Thursday, September 16, 2004

Kerry's Strategic Pickle

I've come to enjoy hearing thoughts about the election offered by Democrats lately. And it's not just because I enjoy seeing them twist in the wind over their lame candidate, and the defeat they're starting to realize is coming in November. I think Kerry doesn't have a coherent strategy, and I'd be pretty frustrated if he was my guy in this election too. It's interesting to me to see where his fellow Democrats think the Kerry campaign ought to be focusing.

In that vein, there was an interesting article in the Harvard Crimson yesterday (And what was I doing reading the Harvard Crimson you ask? Trying to put on airs by toting around the accoutrements of the Ivy League? That's betrays such an obsolete, dead-tree press mentality. I got a link to the article from Free Republic like any respectable pajama-clad, right-wing nut-job.).

It wasn't the writer's overall point that caught my attention (it's more blah-blah, Kerry-needs-to-go-negative babble). What caught me were the specifics of where he thought Bush was vulnerable, because they seemed fairly representative of the views of a lot of Democrats.

The salient points are here:

Rather than challenge the president with a slew of obvious and legitimate criticisms—a costly war fought on what now appear to be false pretenses, an economy in recession, a nation hemorrhaging jobs, a $400 billion budget deficit...

Since Kerry has actually made each and every one of these criticisms, we'll charitably assume the point is about not focusing on them rather than simply not bringing them up (though it's tempting to wonder whether this is an evidence that even Democrats are unable to follow Kerry's statements). Attacking Bush on these specific issues seems both "obvious and legitimate" to a lot of Democrats. But let's examine them, and see how well they'd serve Kerry:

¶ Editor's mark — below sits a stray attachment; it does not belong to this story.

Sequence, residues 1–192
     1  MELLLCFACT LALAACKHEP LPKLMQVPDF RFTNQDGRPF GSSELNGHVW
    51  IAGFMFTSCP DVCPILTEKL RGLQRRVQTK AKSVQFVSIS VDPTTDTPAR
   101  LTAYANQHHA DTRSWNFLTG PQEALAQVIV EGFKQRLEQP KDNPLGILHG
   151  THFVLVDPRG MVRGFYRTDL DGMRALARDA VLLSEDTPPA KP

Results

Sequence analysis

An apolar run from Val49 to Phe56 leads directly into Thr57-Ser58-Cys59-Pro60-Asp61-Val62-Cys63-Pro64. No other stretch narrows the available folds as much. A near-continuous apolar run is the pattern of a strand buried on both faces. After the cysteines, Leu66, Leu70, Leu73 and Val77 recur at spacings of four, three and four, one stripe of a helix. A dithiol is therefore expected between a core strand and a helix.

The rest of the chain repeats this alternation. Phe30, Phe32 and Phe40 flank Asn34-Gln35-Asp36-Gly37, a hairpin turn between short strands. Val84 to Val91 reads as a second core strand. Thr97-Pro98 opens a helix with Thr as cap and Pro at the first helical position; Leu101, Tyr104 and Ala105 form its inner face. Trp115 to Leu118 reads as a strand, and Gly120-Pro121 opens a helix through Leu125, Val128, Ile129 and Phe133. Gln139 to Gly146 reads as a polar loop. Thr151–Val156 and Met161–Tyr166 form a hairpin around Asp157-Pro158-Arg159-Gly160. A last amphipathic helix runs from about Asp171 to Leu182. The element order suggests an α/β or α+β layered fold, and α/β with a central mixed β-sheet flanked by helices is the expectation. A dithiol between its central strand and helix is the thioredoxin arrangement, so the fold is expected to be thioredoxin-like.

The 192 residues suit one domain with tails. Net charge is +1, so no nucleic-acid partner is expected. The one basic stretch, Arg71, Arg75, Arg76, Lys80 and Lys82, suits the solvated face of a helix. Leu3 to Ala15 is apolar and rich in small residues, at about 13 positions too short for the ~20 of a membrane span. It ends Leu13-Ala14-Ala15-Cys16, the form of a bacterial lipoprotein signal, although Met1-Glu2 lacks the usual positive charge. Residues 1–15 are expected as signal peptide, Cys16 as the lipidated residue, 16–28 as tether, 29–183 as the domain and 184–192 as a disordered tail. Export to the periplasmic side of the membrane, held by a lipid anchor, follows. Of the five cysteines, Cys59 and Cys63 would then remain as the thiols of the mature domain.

A. "a costly war fought on what now appear to be false pretenses"

I'm guessing our young friend didn't see the Republican convention, so let me sum it up for him. Republicans are perfectly happy - practically to the point of taunting Kerry - to make this election about the war. Even leaving aside the fact that Republicans easily outpoll Democrats on issues of war and security, when Kerry said "I actually voted for the $87 billion, before I voted against it," he forever entangled Iraq with his "flip-flop" self-image. Kerry focusing his campaign here is electoral suicide.

B. "an economy in recession"

A hard sell, considering that it isn't true. The economy has been expanding, at times quite rapidly, for several quarters in a row now. You'd think a Harvard guy would realize this especially considering that his next point....

C. "a nation hemorrhaging jobs"

... was the talking point the Dems picked up when they finally had to admit the economy was in recovery. Remember all the ink spilled on the "jobless recovery?" Except that line had to be tweaked when jobs (outside of election years commonly agreed to be a lagging indicator of economic recovery) started showing up. Now the issue has decended into typical economic wonkery, and if Kerry thinks he can mold that into a compelling case to elect him, let him try.

Taking issues B. and C. out of their specifics and into the more general area of going after Bush on the economy probably is one of Kerry's best chances, no matter what the specific economic situation is. It would allow him to play to the Democratic Party's perceived strengths, in a way war and security issues don't. The danger, of course, is that the general economy is trending positive, and sounding pessimistic against that backdrop is exactly where Mondale got clobbered by Reagan in '84. And it looks like the Republicans are already lying in wait to pick up that economic optimism club again this year.

D. "a $400 billion budget deficit"

Have they forgotten that they nominated John Kerry, not Ross Perot? This would be a very challenging case for Kerry to make with any effectiveness. It's pretty easy to rebut by pointing to the huge increased spending proposals Kerry has been promising. The Republicans are already locked and loaded for this.

And that only covers Kerry trying to win the "swing" voters. Dick Morris points to polling that suggests he might be in trouble bringing some of this stuff up with his own party members (at least on matters of foerign policy and terrorism).

This sort of thing is making me realize what a pickle Kerry is in. It's not simply that the guy can't focus. It's that every direction he might turn carries a downside for Kerry at least as plausibly as it does for Bush.

I think a lot of Democrats are putting their last great hope into the debates. But debates are going to force both candidates to talk specifics. To my admittedly partisan eyes the Bush team looks set to pounce on Kerry a hundred different ways as soon as that happens. And in a couple of them, he has to watch his back for daggers from his own side.

No wonder Kerry prefers to talk about Vietnam.


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